Caribou river race showcases scenic beauty of riverfront area
CARIBOU, Maine — As part of larger efforts to revitalize the riverfront region, Caribou city officials hosted the second iteration of an event they hope will become a popular tradition.
The Aroostook River Spring Runoff Canoe & Kayak Race kicked off Saturday morning, with 19 boats and 28 paddlers launching from the Lower Lyndon Street boat landing. Last year’s race, which revived Caribou’s river racing tradition, saw 21 boats with 34 paddlers.
With mostly sunny skies and a light breeze in the air, the weather proved ideal for a 6.2-mile ride from Lower Lyndon to the Forbes Pit boat launch. Though paddlers were warned of a few brief areas of small currents, event organizers emphasized how smooth the ride would be compared to the more intense sport of whitewater rafting.
For many paddlers, taking part in the race was not as important as seeing what Caribou’s portion of the famous Aroostook River has to offer.
Kayaker Patrick Cote of Presque Isle was a first-time paddler in Caribou’s newest river race. He looked forward to seeing the wildlife that many others have spotted along the river, including bald eagles.
“I’ve never paddled this end of the river before, so I thought I’d try it out,” Cote said. “I’m not here as much for the race as I am to have fun.”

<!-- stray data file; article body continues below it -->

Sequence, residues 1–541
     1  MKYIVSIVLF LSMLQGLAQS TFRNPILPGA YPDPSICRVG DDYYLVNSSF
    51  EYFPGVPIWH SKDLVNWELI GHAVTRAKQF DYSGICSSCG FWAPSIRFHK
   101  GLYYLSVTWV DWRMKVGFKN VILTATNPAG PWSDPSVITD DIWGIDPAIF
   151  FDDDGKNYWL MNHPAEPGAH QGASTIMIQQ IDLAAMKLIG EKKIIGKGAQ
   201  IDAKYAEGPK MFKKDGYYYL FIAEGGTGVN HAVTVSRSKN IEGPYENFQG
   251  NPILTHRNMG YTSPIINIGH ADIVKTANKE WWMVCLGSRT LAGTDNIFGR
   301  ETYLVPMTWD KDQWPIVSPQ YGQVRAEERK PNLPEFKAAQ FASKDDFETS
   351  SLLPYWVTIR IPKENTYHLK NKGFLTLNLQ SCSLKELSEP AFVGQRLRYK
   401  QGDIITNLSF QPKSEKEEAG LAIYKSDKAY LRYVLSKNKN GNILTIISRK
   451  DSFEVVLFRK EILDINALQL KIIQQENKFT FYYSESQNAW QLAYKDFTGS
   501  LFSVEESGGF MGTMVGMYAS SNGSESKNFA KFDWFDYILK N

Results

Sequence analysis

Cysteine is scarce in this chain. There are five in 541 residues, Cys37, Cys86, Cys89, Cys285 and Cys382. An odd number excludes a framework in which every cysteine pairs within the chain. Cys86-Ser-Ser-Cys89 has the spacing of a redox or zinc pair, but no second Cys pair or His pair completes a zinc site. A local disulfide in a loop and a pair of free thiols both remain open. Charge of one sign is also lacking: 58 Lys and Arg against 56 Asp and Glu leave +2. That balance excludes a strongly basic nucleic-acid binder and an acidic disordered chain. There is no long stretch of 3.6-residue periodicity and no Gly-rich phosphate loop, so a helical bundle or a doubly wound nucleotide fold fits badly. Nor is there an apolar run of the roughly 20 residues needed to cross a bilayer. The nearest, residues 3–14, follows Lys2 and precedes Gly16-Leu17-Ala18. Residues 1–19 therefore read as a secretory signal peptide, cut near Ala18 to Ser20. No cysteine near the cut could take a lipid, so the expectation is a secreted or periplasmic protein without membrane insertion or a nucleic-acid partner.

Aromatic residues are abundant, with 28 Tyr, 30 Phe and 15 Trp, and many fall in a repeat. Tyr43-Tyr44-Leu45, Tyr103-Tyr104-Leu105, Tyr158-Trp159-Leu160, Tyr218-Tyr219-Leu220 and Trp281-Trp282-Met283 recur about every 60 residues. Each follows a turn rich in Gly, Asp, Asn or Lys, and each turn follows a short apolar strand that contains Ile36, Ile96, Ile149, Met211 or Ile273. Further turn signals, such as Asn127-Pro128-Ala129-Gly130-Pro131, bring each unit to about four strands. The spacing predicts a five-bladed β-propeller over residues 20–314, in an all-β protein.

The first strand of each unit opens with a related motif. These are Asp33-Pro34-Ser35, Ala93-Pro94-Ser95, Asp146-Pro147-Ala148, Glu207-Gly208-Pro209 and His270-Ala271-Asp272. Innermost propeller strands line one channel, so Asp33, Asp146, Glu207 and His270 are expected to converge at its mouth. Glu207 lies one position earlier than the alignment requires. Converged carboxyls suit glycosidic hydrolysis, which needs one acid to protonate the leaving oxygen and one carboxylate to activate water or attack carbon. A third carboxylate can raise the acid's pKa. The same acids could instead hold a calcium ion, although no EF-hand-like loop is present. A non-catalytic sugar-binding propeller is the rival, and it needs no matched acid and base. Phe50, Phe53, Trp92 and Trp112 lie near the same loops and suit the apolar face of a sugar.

The Spring Runoff also brought out many avid paddlers, including Fran Cyr of Caribou.
A canoeist for the past 40 years, Cyr enjoys taking part in all the Aroostook river races every year. After racing in last year’s Spring Runoff, Cyr knew he would return this year.
“This is a nice river to paddle, and [the race] is a good length for this early in the season,” Cyr said. “I hope they continue developing the area around here.”
Cyr was referring to efforts by the recently formed Riverfront Renaissance Committee, which has begun working with city officials to rezone areas near the Aroostook River for potential outdoor recreation and commercial development.
Caribou Parks and Recreation Superintendent Gary Marquis said that after nearly three decades of not hosting a river race, city officials are more motivated to bring residents and visitors to the riverfront area.
If the Spring Runoff continues, Marquis and his staff would like to see the event become part of the state’s series of flatwater races. That would allow participants to earn points in the Maine Canoe and Kayak Racing Organization (MaCKRO) standings, as they do in Houlton’s annual Meduxnekeag River Canoe Race.
“We would be able to get more people from downstate, who would stay in hotels and go out to local restaurants,” Marquis said. “That would be a big economic win for the community.”
The winners for all Spring Runoff divisions are as follows:
Canoe open class (solo) – Jim Park, 50.02.
Canoe open (two person) – Mark Jones and Tim Cushman, 47.55.
Canoe recreation (two person) – Sue Fox and Jocelyn McDonald, 1:03.3.
Canoe recreation male (solo) – Tom Towle, 1:00.06.
Kayak recreation (two person) – Austin Belanger and Scott Stubbs, 1:11.20.
Kayak recreation male (solo) – Patrick Cote, 58:09.